This was an age in which men and women often found it easiest to express their own identity by acting a part. Elizabeth I in her lifetime was cast by both herself and others in roles as various as the Old Testament heroine Deborah or the goddess Diana; as the mythical King Arthur or the historical Emperor Constantine. When she famously remarked to William Lambarde, keeper of the Tower, ‘know ye not I am Richard II?’, she was acknowledging her own questionable reputation as ruler in her twilight years; she was also signalling the broader principle that political meaning could be readily conveyed by mimesis5. Badgered by parliament to execute Mary Queen of Scots, she reminded them of the dangers of public scrutiny: ‘Princes, you know, stand upon stages so that their actions are viewed and beheld of all men; and I am sure my doings will come to the scanning of many fine wits, not only within the realm, but in foreign coun­tries.’6 Henry VII, in just a single royal progress in 1486, had been vari­ously depicted as Solomon, Noah, Jason, Isaac, Jacob, David, Scipio and Arthur – legendary figures, invoked at a time of dangerous political insta­bility, when the sanction of past rulers, generals and prophets was badly needed.7


    1. Thomas Betteridge and Greg Walker, ‘Introduction’, in Thomas Betteridge and Greg Walker (eds), The Oxford Handbook of Tudor Drama (Oxford, 2012), 4–8, 11.
    2. William Ingram, The Business of Playing: The beginnings of the adult professional theater in Elizabethan England (Ithaca, NY, 1992).
    3. Michael Walzer, ‘On the role of symbolism in political thought’, Political Science Quarterly 82 (1987), 194–95.
    4. For the conception of the ‘theatre state’, see Clifford Geertz, Negara: The theatre state in nineteenth-century Bali (Princeton, NJ, 1980), also Clifford Geertz, ‘Centers, kings and charisma: Reflections on the symbolics of power’, in Joseph Ben-David and Terry Nicholas Clark (eds), Culture and Its Creators: Essays in Honor of Edward Shils (Chicago, IL, 1977), and Clifford Geertz, ‘Politics past, politics present’, in Clifford Geertz, The Interpretation of Cultures: Selected essays (second edition, New York, 2000), 327–41.
    5. Stephen Orgel, Spectacular Performances: Essays on theatre, imagery, books and selves in early modern England (Manchester, 2011), 7–35.
    6. Elizabeth I: Collected Works, 189.
    7. David Bevington, Tudor Drama and Politics (Cambridge, MA, 1968), 6; see also John C. Meagher, ‘The first progress of Henry VII’, Renaissance Drama 1 (1968), 45–73.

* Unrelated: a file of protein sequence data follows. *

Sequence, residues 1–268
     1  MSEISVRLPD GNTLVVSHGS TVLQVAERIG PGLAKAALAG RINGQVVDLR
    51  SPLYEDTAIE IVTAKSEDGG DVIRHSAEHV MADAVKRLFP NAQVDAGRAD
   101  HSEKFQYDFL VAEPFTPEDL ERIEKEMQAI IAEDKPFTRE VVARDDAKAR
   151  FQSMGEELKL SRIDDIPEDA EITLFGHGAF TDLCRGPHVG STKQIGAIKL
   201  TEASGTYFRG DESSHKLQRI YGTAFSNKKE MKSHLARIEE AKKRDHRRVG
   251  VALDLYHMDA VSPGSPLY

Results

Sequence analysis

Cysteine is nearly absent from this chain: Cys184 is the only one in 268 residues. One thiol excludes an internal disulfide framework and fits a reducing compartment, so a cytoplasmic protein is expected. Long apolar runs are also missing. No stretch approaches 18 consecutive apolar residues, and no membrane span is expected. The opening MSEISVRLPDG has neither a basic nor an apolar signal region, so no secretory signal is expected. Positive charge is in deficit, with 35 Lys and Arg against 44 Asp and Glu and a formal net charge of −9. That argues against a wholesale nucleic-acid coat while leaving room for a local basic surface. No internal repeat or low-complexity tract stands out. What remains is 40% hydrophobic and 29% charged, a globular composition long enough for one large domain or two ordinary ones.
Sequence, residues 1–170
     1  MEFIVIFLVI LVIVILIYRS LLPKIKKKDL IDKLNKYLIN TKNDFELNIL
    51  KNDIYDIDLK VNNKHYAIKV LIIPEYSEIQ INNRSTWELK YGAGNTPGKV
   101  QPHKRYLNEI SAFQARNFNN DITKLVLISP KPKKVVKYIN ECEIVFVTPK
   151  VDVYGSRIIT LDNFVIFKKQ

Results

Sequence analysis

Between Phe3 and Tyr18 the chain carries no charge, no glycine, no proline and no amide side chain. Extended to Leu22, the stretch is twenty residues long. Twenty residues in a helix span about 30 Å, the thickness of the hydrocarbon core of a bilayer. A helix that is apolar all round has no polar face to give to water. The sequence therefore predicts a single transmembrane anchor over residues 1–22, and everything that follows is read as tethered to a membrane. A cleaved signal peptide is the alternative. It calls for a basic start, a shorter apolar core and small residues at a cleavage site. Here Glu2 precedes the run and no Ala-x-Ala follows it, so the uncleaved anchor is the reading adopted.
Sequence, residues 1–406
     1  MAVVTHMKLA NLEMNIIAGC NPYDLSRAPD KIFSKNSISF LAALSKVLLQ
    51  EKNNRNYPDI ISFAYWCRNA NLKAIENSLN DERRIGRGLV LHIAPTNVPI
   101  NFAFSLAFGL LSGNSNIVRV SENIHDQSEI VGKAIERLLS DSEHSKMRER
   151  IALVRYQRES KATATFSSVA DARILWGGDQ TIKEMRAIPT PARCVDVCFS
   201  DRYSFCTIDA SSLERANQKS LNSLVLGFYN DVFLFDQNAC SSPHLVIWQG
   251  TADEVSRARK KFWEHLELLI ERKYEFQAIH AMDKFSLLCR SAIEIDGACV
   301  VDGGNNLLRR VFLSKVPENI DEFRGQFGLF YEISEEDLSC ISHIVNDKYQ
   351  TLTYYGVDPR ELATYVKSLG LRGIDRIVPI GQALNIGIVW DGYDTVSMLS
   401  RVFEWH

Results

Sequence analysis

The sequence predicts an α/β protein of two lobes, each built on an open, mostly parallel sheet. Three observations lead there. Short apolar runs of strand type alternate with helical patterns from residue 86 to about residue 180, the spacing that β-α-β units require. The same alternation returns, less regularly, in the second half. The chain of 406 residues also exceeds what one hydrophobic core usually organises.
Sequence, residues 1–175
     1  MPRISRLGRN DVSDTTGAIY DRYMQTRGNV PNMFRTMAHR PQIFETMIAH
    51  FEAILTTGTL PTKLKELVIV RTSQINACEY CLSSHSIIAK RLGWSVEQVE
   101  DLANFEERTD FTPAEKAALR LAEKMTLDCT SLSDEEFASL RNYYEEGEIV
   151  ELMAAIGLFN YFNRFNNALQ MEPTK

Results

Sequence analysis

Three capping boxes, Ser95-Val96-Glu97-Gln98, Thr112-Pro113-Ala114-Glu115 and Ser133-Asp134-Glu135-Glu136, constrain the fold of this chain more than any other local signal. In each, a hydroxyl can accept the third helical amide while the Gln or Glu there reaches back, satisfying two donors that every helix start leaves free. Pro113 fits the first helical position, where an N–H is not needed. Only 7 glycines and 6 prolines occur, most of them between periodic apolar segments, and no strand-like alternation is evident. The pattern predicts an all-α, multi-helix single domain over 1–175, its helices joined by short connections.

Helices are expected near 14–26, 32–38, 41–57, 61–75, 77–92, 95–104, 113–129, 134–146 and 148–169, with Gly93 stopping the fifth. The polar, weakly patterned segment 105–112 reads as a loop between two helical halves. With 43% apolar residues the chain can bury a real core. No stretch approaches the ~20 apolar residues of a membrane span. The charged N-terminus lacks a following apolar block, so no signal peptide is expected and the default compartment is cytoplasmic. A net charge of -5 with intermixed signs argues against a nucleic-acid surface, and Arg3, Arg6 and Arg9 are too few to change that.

• Sir Anthony Standen – Elizabethan Spy

    I first encountered Sir Anthony Standen while reading George Malcolm Thompson’s biography of Sir Francis Drake. “The time had come when Walsingham was no longer satisfied with news that came to him at second-hand, whether from Santa Cruz’s kitchen or from the Governor of Guernsey’s reports of the gossip on Breton ships or in Rouen taverns. He needed an accurate and detailed stream of information about the number of Philip’s ships, their tonnage, the sailors who would man them and the soldiers they would carry. Thanks above all to Standen, he got what he wanted.” Because my mother’s maiden name was Standen, I was immediately intrigued. Who was this man? Why hadn’t I heard of him before? Might he be an ancestor of mine?

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  • March 2022 – Tudor Murders

    Tudor Murders – what an interesting theme we have for you in this month’s magazine. Murder is always a gruesome but fascinating topic and this magazine doesn’t disappoint

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  • October 2021 – Tudor Noblewomen

    This month’s bumper-sized Tudor Life magazine is packed with articles about some of the interesting Tudor noblewomen.

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  • May 2021 – Tudor Life – Envy

    Were the Tudors an envious lot? Well, in this magazine you’ll soon find out…

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  • Elizabeth’s Mysterious Black Pearls

    In the Ermine Portrait, Elizabeth I is seen wearing a black pearl necklace. But how did this jewel from the Italian Medici family end up in the hands of the British Royal family? 

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  • International Women’s Day – unknown Tudor women

    Today it's not only International Women's Day, a day where we acknowledge the social, economic, cultural and political achievements of women, but the whole of March we celebrate Women's History Month! A month in which we commemorate the contributions of women to events in history and contemporary society.

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  • Welcome to Emma and Merel!

    A warm welcome to Emma and Merel who are joining the Tudor Society team today for a 5-month apprenticeship as part of their Journalism degree. We are thrilled to have them on board and you might remember them from the Mary, Queen of Scots video they produced for us back in 2019 – see below.

    Here are their bios…

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  • October 2020 – Tudor Life – Spies and Sedition

    In this month's magazine, we have gone undercover and have been searching for spies and sedition in the Tudor court... we definitely found some information worth of passing on to the queen... enjoy! [Read More...]

  • 20 September – Anthony Babington and the Babington Plot

    On this day in Tudor history, 20th September 1586, Anthony Babington, John Ballard, John Savage, Chidiock Tichborne and three other conspirators were executed near St Giles-in-the-Fields in London.

    They suffered full traitors’ deaths, being hanged, drawn and quartered, after being found guilty of treason for plotting to assassinate Queen Elizabeth I in the famous Babington Plot, which sought to replace Elizabeth with Mary, Queen of Scots.